Persistent challenges in engaging diverse groups of patients in patient-centered outcomes research (PCOR) have hampered efforts to develop effective patient-centered diagnostic and treatment options. For low SES communities participating in PCOR may pose special concerns. Given that many residents of these communities are at increased risk for (potential patients) or diagnosed with (patients) acute or chronic medical conditions, developing innovative methodologies for increasing scientific understanding, and opening a dialogue between patients, researchers, and community stakeholders around PCOR is critical to advancing the science. In general, patient understanding and capacity to make informed decisions regarding the ethical, social and legal implications of research participation is limited. Legacies of past abuses have left many weary of traditional academic research. PCOR represents a paradigm shift, but is not familiar to most people in low SES communities and thus not trusted. Low SES communities are generally resistant, almost impervious to the introduction of new information from outside their group because the ties among community members are strong – the result of close and stable interactions over time. In order to advance PCOR we need to build sustainable mechanisms for establishing weak ties within these communities; “local bridges” that create “ties between two persons that are the shortest (and often the only plausible) route by which information might travel from those connected to one to those connected to the other.” The Academic Community Collaborative to Engage Stakeholders, ACCESS, online platform will create a virtual bridge for engaging diverse, hard-to reach, socioeconomically disadvantaged, under-represented communities and their residents in PCOR and serve as a nexus for the PCOR stakeholder community—patients, caregivers, local, state and federal advocacy organizations, researchers, healthcare providers, payers, industry and policymakers to gather, share-information, co-learn in real-time, form collaborative partnerships and build trust.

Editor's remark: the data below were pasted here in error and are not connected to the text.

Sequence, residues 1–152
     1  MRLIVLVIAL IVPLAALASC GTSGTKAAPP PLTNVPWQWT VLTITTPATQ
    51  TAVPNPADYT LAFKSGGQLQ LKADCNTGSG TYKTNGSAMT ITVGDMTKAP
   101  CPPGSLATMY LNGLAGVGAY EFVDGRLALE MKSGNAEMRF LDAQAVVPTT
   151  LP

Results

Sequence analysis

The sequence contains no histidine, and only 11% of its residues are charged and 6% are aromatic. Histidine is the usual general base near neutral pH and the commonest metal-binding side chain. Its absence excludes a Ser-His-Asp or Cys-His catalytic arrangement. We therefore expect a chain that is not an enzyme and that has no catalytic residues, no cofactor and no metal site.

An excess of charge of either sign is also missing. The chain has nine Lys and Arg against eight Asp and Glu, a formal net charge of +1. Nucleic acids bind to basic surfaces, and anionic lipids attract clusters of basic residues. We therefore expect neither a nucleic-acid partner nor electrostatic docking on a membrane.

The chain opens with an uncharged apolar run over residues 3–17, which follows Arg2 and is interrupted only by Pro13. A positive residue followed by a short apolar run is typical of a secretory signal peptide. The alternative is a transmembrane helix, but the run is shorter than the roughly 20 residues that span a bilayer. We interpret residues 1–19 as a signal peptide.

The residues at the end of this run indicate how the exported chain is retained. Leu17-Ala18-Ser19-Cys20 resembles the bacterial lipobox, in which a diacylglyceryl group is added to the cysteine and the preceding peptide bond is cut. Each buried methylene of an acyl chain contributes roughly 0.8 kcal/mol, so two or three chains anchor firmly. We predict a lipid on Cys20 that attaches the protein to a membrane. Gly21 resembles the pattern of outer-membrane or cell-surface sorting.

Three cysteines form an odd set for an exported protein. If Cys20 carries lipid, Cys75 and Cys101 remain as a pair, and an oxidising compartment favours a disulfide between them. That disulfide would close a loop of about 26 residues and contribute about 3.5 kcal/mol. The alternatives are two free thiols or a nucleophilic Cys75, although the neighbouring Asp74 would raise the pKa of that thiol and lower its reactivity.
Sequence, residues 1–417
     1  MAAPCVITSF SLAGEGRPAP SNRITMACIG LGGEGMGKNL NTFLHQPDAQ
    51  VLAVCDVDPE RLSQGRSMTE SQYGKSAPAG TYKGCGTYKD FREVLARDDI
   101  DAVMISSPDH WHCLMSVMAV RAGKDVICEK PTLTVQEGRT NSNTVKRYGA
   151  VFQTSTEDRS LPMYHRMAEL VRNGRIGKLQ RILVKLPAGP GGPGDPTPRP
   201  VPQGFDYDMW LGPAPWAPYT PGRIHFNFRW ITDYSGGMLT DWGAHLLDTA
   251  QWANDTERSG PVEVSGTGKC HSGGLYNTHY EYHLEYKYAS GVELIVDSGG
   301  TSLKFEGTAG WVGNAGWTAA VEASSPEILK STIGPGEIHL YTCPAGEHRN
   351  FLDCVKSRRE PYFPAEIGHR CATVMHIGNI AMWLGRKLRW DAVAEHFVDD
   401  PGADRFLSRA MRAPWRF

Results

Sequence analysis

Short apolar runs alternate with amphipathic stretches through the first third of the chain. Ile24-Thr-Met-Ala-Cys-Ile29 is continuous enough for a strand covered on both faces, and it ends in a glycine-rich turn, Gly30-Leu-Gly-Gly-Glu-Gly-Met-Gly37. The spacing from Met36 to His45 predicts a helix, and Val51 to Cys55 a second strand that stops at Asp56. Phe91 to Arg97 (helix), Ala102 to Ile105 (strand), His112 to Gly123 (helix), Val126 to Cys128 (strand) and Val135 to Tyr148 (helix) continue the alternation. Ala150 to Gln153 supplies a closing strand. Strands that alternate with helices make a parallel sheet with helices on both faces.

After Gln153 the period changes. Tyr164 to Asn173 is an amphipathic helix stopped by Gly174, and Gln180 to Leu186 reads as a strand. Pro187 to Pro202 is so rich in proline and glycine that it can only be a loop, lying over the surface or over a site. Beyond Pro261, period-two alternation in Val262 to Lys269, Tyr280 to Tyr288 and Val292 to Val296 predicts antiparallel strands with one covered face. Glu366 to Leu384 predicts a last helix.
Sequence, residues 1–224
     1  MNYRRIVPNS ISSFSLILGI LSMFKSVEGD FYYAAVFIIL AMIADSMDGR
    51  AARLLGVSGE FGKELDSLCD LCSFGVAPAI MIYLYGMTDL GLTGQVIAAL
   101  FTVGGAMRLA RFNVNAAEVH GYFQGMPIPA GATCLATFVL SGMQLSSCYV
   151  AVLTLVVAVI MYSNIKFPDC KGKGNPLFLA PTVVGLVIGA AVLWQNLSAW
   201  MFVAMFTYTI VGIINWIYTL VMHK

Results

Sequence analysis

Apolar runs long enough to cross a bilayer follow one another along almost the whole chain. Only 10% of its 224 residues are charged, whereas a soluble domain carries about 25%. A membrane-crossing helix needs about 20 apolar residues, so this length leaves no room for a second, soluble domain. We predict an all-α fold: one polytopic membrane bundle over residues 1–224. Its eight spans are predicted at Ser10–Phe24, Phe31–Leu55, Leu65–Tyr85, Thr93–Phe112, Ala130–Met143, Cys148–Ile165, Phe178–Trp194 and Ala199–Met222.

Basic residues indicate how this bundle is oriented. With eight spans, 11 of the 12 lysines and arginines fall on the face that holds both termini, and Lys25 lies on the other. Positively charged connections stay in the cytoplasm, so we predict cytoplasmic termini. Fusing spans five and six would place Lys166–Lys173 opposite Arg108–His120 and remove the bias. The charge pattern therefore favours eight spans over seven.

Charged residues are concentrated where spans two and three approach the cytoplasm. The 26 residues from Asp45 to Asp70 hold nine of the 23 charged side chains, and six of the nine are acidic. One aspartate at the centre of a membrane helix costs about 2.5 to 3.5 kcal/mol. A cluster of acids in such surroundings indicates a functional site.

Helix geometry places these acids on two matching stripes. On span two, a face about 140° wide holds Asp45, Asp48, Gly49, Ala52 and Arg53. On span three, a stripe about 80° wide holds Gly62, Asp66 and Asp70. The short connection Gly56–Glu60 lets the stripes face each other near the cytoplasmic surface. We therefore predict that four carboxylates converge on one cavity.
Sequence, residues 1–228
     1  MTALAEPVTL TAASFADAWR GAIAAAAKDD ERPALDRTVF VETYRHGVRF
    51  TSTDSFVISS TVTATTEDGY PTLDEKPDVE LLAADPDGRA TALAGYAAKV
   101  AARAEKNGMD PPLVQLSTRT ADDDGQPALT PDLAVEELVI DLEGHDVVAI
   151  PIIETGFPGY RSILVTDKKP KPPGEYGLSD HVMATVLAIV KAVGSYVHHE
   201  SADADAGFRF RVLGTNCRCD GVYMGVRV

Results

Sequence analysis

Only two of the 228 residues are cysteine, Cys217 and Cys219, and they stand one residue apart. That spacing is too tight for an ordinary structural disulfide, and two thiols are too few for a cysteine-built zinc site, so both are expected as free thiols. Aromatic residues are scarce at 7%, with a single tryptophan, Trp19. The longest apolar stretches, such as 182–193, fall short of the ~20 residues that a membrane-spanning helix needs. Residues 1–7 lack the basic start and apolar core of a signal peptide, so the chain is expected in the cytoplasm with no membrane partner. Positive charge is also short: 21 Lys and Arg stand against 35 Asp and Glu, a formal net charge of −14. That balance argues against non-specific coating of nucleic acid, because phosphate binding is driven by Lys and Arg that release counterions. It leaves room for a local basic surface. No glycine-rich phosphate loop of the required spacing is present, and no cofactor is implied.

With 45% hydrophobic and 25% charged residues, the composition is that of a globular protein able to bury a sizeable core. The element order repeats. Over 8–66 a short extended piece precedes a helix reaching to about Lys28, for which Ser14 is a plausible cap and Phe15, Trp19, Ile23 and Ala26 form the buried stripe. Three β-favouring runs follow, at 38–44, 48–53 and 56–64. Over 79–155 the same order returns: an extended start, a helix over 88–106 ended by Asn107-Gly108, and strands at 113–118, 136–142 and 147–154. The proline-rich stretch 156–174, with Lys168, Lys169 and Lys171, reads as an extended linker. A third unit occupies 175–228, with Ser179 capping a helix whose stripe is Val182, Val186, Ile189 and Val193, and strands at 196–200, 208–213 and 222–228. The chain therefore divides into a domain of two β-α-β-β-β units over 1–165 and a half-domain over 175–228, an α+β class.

Activities Convene a diverse group of 29 community stakeholders including community leaders and patient-partners from five socioeconomically disadvantaged enclaves where African-American, African, Asian, Hispanic and Native Americans reside to collaboratively develop a patient-centered integrated digital ecosystem.
Outcomes:A large-scale, integrated fully customized, ADA compliant online community engagement platform linked to a PCOR content engine containing: Customized views/filters for user groups; Interactive online patient self-assessments and resources; Audio transcription and multi-lingual translation functions; Customized mobile functions, including system notifications via text messages. A searchable Library of in-language and culturally appropriate educational materials and tools including online workshops; online evaluation metrics to track user behaviors.
Patient and Stakeholder Engagement Plan:We will bring together 20 African-American, Hispanic, Latino, Asian-American, and Native American patient partners and 9 community stakeholders and leaders from five local medically underserved communities in Brooklyn, the South Bronx, the Lower East Side, Chinatown and Mahwah New Jersey. Community Partners:Families United for Racial and Economic Equality; Youth Ministries for Peace and Justice; Good Old Lower East Side; Chinese Progressive Association; Ramapough Lunaape Nation Turtle Clan.